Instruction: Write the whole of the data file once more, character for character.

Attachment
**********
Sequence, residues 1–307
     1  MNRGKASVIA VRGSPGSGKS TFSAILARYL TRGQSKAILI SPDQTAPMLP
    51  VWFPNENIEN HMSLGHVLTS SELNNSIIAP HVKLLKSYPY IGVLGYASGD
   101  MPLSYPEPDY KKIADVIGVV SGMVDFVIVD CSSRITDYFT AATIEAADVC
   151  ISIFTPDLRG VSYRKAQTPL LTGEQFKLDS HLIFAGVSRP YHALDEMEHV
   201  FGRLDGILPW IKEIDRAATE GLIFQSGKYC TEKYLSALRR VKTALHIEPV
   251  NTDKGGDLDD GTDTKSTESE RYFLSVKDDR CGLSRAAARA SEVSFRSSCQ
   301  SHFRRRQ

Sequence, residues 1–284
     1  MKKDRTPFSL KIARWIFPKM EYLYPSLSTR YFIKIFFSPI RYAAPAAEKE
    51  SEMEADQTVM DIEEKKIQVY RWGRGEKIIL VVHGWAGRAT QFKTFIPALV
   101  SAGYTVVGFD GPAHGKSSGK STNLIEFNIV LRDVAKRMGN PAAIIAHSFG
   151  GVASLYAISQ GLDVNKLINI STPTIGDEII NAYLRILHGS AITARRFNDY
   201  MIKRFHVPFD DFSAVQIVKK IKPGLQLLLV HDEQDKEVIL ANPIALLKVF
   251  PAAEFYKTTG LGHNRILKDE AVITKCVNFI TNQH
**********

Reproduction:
Sequence, residues 1–307
     1  MNRGKASVIA VRGSPGSGKS TFSAILARYL TRGQSKAILI SPDQTAPMLP
    51  VWFPNENIEN HMSLGHVLTS SELNNSIIAP HVKLLKSYPY IGVLGYASGD
   101  MPLSYPEPDY KKIADVIGVV SGMVDFVIVD CSSRITDYFT AATIEAADVC
   151  ISIFTPDLRG VSYRKAQTPL LTGEQFKLDS HLIFAGVSRP YHALDEMEHV
   201  FGRLDGILPW IKEIDRAATE GLIFQSGKYC TEKYLSALRR VKTALHIEPV
   251  NTDKGGDLDD GTDTKSTESE RYFLSVKDDR CGLSRAAARA SEVSFRSSCQ
   301  SHFRRRQ

Sequence, residues 1–284
     1  MKKDRTPFSL KIARWIFPKM EYLYPSLSTR YFIKIFFSPI RYAAPAAEKE
    51  SEMEADQTVM DIEEKKIQVY RWGRGEKIIL VVHGWAGRAT QFKTFIPALV
   101  SAGYTVVGFD GPAHGKSSGK STNLIEFNIV LRDVAKRMGN PAAIIAHSFG
   151  GVASLYAISQ GLDVNKLINI STPTIGDEII NAYLRILHGS AITARRFNDY
   201  MIKRFHVPFD DFSAVQIVKK IKPGLQLLLV HDEQDKEVIL ANPIALLKVF
   251  PAAEFYKTTG LGHNRILKDE AVITKCVNFI TNQH